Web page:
The image control on the LCD related to the composition after a shoot is more important than the ability to “fix” the clipping warnings: Some cameras, e.g. the Nikon D300, can use custom curves (created with a computer program): A linear curve should show clipping much more accurate but the contrastless image is not good to detect immediately a bad composition.

  17. Alvatrus 18 August, 2010 at 14:42 Reply

    I always try to expose correctly.

    That doesn’t mean I set exposure to 0eV, but set my camera to manual, read the TTL lightmeter, then adjust it to the lightness/darkness of the spot I’m metering.
    I add a pinch to the right or left for creative purposes, rather than to get max. dynamic range from the photograph. (Unless I *need* that DR, of course.)

    Completely off-topic question but this one it bugging forever:
    If I have devided a shoot over 2 CF-cards, and import the first one, autonumbering it (Shoot-1.dng, Shoot-2.dng, etc.)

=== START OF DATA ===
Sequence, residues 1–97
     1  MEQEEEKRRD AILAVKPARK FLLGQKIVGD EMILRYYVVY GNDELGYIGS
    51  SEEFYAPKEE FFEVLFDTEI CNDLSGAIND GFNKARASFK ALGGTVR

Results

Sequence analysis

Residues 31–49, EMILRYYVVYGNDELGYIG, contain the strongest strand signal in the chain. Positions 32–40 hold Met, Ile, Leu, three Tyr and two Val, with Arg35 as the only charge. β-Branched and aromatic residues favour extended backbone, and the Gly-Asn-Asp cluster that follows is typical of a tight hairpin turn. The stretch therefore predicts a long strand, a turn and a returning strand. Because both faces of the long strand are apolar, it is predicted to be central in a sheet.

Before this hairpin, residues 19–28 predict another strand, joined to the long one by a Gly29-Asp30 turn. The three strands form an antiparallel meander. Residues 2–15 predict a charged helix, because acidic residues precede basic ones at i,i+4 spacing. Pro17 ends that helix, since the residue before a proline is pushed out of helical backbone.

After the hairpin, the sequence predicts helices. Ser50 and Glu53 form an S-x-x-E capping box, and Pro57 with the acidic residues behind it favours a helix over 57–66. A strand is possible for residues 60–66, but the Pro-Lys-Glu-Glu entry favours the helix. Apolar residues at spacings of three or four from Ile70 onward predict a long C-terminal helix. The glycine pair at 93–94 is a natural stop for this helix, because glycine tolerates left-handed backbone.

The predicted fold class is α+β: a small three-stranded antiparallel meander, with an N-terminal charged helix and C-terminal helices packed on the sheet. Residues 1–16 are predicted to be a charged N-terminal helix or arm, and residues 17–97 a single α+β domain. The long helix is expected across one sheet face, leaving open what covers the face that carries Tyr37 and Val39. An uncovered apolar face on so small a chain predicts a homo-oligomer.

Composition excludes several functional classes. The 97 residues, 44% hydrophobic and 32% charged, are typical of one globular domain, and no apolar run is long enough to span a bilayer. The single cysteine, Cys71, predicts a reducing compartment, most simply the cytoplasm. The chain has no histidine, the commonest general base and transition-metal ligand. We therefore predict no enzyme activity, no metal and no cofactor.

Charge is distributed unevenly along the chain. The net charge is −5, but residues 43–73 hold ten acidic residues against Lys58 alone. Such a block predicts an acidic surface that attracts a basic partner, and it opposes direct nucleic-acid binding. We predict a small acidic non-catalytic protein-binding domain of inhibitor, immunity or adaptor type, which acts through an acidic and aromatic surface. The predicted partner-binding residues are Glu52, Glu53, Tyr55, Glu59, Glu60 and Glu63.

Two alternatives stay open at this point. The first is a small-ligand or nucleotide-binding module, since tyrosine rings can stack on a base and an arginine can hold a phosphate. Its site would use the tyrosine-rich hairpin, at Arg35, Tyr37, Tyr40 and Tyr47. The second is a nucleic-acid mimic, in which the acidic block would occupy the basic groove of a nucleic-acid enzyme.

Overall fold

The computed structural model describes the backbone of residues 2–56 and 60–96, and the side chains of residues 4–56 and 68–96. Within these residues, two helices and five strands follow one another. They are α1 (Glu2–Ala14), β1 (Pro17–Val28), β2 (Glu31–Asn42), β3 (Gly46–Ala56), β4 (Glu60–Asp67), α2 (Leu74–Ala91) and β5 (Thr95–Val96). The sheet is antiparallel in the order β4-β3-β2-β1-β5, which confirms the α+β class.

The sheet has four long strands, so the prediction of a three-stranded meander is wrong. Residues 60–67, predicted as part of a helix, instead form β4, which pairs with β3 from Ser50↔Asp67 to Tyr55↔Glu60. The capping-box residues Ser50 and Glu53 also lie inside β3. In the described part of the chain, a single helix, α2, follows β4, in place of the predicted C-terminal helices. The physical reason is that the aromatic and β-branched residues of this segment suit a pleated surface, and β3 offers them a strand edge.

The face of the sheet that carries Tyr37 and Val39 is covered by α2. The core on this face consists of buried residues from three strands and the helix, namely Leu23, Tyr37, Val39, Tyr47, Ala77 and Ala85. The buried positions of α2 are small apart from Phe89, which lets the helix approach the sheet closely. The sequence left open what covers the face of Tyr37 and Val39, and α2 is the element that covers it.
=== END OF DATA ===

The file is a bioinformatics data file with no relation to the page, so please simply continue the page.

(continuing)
Now if I import the 2nd card, I want to have consecutive numbers. Either I have to look up where the previous card left off, or I’m stuck with Shoot-1-1.dng, etc.)

    How can I force Lightroom to automatically continue the sequence?

  18. Kurt Muetterties 18 August, 2010 at 10:27 Reply

    Great point Gary! This is a fascinating discussion, but I feel these generalizations suffer from failing to consider the complex nature of camera metering. What is presented as the ” proper” exposure is obviously dependent on the metering used: Are we to assume everyone is using matrix, or centered weighted? If I am shooting a hockey player in a poorly lit stadium, using focal spot on the player to compensate for the bright ice BG, and throw an additional +1/2 stop, chances are the shot is blown. What if the jersey is black, instead of white?